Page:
Skip to main content

Sky Jumpers

Hope is 12, she's lived in White Rock her entire life with her adoptive parents. She's never really felt as though she belongs. Everyone in the town of White Rock loves to invent, and they are really good at it, but Hope has never been able to invent anything that doesn't cause a disaster. She's hoping that her potato peeling invention this year will be the exception to that rule. Hope may not be good at inventing, but she's awesome at risk taking. One of her favorite pastimes is cliff diving into the bomb's breath, during World War III, green bombs were dropped, the bombs left behind a strange gas. The gas will kill anyone who breathes it, countless members of the town of White Rock know someone who didn't survive the bomb's breath. But Hope has figured out just how to cliff dive into it, and survive. White Rock has never had any trouble with invaders, because of the placement of the bomb's breath, but that's all about to change. Invaders come, and demand the precious antibiotics that the citizens of White Rock depend upon, it becomes up to Hope, her best friend Aaren, his little sister Brenna and their classmate Brock to sneak away and do the most dangerous thing they can imagine. But if they don't, their whole town could die.

This was a fun book. I really liked the way that Hope was painted in the book. Different from everyone else, everyone, even her thinking that was a bad thing. Until the end, when Hope and the whole town realizes that it's okay, it should even be celebrated to be different. Hope is such a strong female character, I love how much of a leader she is, even when she doesn't think she is. I liked the fantasy of the bomb's breath, and how Hope learns to use it to her advantage. I really liked that the book was written for middle-grade readers, but that Mom's can enjoy it too. I can't wait to read more of this fun new series!

Comments

Popular posts

Blog Tour - Stu Stories: The Adventures of Dirt Clod and His Sidekick Bird Bones

About the book: Stu Sanderson is no ordinary eighth-grader. Not only is he seven feet tall, but he also vanishes into thin air, duels knights and ninjas, lifts the downtrodden, and woos the best-calved girl in school. Become a middle-grade legend with Stu and his sidekick, Bird Bones, on the journey of a lifetime in “Stu Stories.”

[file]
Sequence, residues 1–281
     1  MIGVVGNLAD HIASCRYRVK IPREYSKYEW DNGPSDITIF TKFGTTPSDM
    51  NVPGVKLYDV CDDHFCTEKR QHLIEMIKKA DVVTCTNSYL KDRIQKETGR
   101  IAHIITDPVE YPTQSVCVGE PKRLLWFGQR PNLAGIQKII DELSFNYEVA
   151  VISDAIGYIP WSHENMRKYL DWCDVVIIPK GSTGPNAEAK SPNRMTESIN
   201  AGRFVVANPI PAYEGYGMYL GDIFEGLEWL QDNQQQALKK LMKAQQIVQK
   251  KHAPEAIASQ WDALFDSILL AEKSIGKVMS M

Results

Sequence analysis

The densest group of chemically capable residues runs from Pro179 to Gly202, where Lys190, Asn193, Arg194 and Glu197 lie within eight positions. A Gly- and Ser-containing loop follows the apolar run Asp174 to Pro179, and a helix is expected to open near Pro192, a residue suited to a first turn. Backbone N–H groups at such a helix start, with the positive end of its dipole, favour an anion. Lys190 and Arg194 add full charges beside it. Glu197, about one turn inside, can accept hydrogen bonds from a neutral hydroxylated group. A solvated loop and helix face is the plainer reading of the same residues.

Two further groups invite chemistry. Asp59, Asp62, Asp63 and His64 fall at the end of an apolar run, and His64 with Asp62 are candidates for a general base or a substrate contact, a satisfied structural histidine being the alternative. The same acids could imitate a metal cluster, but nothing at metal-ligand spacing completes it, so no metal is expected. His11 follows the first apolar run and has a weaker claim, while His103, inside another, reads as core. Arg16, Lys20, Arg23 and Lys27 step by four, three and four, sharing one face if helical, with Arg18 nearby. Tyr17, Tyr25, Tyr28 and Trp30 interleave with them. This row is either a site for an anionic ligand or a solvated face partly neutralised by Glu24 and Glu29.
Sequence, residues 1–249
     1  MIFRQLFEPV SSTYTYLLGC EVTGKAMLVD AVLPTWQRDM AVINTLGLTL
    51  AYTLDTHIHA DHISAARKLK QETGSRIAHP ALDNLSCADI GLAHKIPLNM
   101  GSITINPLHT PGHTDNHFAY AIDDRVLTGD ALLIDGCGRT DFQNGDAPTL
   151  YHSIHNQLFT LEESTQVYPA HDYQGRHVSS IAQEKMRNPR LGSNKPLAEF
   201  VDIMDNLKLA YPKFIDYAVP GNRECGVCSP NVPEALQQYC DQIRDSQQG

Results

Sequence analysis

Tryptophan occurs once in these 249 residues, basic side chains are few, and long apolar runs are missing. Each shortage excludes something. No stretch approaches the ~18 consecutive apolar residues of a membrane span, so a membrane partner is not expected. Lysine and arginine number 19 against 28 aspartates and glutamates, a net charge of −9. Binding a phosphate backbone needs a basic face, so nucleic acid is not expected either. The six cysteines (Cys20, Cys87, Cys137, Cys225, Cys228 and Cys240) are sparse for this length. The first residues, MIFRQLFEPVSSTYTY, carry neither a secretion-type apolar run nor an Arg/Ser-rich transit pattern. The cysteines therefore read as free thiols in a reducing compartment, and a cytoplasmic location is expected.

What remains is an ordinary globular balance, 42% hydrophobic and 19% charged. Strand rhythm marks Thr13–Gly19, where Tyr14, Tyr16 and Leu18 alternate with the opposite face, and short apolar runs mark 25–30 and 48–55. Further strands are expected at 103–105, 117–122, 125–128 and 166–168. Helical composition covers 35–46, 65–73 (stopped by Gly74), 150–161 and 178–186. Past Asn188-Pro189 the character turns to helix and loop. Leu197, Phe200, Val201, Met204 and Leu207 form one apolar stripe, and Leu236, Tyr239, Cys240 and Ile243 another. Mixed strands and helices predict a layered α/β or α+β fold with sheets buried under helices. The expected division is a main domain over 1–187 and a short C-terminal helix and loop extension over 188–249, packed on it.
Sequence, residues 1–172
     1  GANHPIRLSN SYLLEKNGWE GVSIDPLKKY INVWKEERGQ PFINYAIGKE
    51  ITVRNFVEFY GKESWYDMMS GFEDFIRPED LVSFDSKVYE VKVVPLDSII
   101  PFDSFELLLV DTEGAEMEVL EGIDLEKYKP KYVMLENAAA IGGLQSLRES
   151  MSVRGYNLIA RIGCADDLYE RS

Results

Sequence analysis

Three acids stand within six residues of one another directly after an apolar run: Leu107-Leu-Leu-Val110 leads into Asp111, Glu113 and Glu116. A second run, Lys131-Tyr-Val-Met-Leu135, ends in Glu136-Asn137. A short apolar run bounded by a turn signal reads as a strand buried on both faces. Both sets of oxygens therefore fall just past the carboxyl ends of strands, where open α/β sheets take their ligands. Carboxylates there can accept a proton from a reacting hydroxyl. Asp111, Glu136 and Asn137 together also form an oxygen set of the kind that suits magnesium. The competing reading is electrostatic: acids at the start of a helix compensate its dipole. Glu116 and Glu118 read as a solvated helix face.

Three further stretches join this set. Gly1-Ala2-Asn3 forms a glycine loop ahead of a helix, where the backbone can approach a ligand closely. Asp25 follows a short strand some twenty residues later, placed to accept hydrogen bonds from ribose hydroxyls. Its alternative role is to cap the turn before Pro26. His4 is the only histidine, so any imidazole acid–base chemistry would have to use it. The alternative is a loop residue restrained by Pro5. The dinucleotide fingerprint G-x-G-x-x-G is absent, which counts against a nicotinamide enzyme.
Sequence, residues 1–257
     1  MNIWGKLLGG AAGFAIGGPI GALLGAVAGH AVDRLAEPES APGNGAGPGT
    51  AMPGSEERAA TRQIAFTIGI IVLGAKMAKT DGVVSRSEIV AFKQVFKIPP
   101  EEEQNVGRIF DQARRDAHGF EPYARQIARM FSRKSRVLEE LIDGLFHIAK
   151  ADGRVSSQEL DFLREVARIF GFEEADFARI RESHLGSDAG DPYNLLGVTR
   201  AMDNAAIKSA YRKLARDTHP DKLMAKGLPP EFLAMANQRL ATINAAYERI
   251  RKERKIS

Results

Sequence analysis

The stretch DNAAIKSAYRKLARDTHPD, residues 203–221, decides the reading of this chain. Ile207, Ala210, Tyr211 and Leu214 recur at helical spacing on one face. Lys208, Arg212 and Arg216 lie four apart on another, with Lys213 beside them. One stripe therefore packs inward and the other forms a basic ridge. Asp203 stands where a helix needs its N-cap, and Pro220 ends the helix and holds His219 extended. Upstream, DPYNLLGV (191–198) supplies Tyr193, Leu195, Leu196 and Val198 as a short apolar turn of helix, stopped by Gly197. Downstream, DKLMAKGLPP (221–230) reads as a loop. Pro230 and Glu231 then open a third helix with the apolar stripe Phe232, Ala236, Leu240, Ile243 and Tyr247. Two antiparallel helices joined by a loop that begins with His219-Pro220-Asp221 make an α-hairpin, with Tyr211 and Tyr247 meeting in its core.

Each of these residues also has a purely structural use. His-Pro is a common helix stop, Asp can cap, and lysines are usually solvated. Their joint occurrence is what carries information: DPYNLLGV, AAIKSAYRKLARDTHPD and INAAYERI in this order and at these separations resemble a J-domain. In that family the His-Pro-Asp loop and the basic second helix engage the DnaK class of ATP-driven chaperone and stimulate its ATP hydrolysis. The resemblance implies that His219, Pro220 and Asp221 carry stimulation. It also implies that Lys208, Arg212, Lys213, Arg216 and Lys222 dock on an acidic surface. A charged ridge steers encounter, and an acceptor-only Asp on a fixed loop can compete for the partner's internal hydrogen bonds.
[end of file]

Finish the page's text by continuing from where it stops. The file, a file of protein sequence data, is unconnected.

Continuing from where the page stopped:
My review: This is a fun book written for middle grade boys. It doesn't seem as though there are all that many written for this group, so I always enjoy seeing new ones. 

I liked the way this one is written. Stu is who the book is about, but the way it's written is through the eyes of his friend, Bird Bones. That makes the things that happen to Stu even more funny because you don't know how the things happened. 

This book reminded me a little bit of "Sideways Stories from Wayside School," because it's a collection of several stories that kind of fit together to make a whole story, but they also stand on their own. I thought the stories…

Favorite Friday - Relative Race

Our family doesn't watch very much TV at all. Most of what we watch airs on BYUTV. We are big Studio C fans at our house. And this show, Relative Race is one of our very favorites. We recently re-watched the whole first season because the second season starts on Sunday and we couldn't wait! 

This show is a reality type show. There are 4 couples who start on one side of the country and race to the other side, meeting new relatives along the way. Last season they took their cell phones away very first thing and they had to use paper maps to get where they needed to go, which was sometimes a problem for all of the contestants. Anyway, each team is given a specific city to go to. They have to make it to the city, then take and send a selfie with a city sign. Once that happens they get a challenge to complete and then they are given their relative's address. Then...they have to spend the night with their relatives, which seems to me like it could be very awkward! But last season…

Changed Through His Grace

About the book: "Have you been changed by grace?" In this insightful book, Brad Wilcox explores this life-altering question in depth. Christians throughout the centuries have used grace to describe God's favor, goodwill, and love. However, grace is more than a description of God's attributes. It is the help, power, and strength He offers as we choose to engage with Him in striving to attain those attributes. It is the help, power, and strength He offers as we choose to engage with Him in striving to attain those attributes. Grace is different from the Atonement. It is not Christ's suffering, death, and Resurrection. Rather, grace is the power that flows from those sacred moments. Grace is not a priesthood ordinance, but essential ordinances invite greater and greater endowments of grace into our lives. Grace is a divine gift, but like any gift, it must be received.

In this book, Brother Wilcox uses real-life stories and personal experiences to demonstrate how we c…